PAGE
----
Integrity and ethics provide the legal, financial, environmental, safety, customer relations and human resources fabric…
John Borrowman, CPC
Borrowman Baker LLC
Most practices have them. Talent who habitually punch above their weight. Maybe you have several. Maybe only a handful.
Understanding them, and leading them so they maximize their potential and their value to your organization, is no small task.
Despite the recent economic conditions, and their impact on the employment market, talent who truly make a strong contribution remain at a premium. If you have them, you know the difference they can make to your practice.
In a Harvard Business Review article, authors Rob Goffee and Gareth Jones originally labeled these individuals “clever people”; not in the sense of overly smart and difficult, but being skilled and talented. In their follow-up book dealing with this unique star performer, they assemble research and real-life examples into an explanation of how and why “clevers” operate the way they do and how you can lead these best and brightest effectively.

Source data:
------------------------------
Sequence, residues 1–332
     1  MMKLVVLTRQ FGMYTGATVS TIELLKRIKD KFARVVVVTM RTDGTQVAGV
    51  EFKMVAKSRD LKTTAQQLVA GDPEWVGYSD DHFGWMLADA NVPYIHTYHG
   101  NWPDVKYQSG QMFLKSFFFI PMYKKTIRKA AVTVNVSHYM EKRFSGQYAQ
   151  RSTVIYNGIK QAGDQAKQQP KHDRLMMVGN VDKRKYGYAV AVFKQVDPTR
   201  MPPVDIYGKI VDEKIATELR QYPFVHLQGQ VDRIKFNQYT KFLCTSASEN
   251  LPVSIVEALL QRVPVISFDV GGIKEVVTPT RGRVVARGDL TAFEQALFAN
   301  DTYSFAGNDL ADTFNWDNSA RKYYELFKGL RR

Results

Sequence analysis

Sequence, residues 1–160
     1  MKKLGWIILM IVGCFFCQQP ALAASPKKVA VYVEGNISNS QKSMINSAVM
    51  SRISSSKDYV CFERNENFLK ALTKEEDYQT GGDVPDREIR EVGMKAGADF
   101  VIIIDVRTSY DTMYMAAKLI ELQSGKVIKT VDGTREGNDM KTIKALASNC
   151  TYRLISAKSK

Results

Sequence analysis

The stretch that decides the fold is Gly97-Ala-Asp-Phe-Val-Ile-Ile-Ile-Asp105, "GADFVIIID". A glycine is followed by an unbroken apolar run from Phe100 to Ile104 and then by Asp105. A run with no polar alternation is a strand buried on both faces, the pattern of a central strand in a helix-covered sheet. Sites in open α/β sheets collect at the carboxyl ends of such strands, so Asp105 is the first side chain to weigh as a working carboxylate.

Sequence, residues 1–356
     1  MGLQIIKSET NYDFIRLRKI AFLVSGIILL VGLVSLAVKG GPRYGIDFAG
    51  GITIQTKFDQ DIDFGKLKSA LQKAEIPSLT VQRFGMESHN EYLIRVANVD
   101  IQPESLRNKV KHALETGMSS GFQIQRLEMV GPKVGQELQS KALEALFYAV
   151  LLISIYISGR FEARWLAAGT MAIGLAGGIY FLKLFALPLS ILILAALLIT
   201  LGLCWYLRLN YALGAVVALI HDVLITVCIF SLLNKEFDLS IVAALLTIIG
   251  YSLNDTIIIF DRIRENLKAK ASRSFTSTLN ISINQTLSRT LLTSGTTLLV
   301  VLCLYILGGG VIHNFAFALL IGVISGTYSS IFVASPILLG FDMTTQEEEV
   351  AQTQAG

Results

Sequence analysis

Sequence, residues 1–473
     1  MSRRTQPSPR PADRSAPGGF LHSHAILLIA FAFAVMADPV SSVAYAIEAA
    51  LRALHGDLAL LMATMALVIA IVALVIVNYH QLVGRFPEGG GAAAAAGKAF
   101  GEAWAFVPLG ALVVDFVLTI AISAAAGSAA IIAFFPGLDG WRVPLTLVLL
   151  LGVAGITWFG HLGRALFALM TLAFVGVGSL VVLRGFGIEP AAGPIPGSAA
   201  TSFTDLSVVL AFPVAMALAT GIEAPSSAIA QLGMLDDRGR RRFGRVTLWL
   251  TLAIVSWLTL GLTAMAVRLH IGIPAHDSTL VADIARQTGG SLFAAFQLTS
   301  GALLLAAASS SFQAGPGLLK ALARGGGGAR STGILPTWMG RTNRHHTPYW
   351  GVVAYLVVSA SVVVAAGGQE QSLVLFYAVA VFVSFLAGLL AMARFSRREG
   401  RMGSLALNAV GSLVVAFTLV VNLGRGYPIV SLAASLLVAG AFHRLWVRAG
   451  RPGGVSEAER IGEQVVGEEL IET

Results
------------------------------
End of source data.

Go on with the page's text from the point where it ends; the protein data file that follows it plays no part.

Surprisingly, perhaps, these performers aren’t necessarily defined by their IQ or their academic credentials. Nor are they “free-agent” types who create value on their own. Goffee and Jones point out that they are highly talented, extraordinary thinkers who actually need their organizations’ resources to fulfill their potential. In a reverse twist on the typical approach of making the employees more valuable to the organization, “Clever” focuses on making the organization more valuable to clever people.
Having an organization full of “clevers” isn’t necessarily the answer. (Enron; see also) Fortunately, the authors have plenty of guidance for what works and what doesn’t work:
Tell them what to do – not how to do it
Earn their respect with your expertise – not your job title
Sense their needs and keep them motivated
Convince them your company can help them succeed
That last point seems easier said than done, of course. But, in the same way that preparing a presentation can strengthen you as a professional, learning and practicing what it takes to lead the “clevers” in your organization can make you a better leader, overall.
“Clever” is a quick and absorbing read. A different perspective on the leadership challenge you face.
“Clever” is published by Harvard Business Press and is available through most on-line book sellers.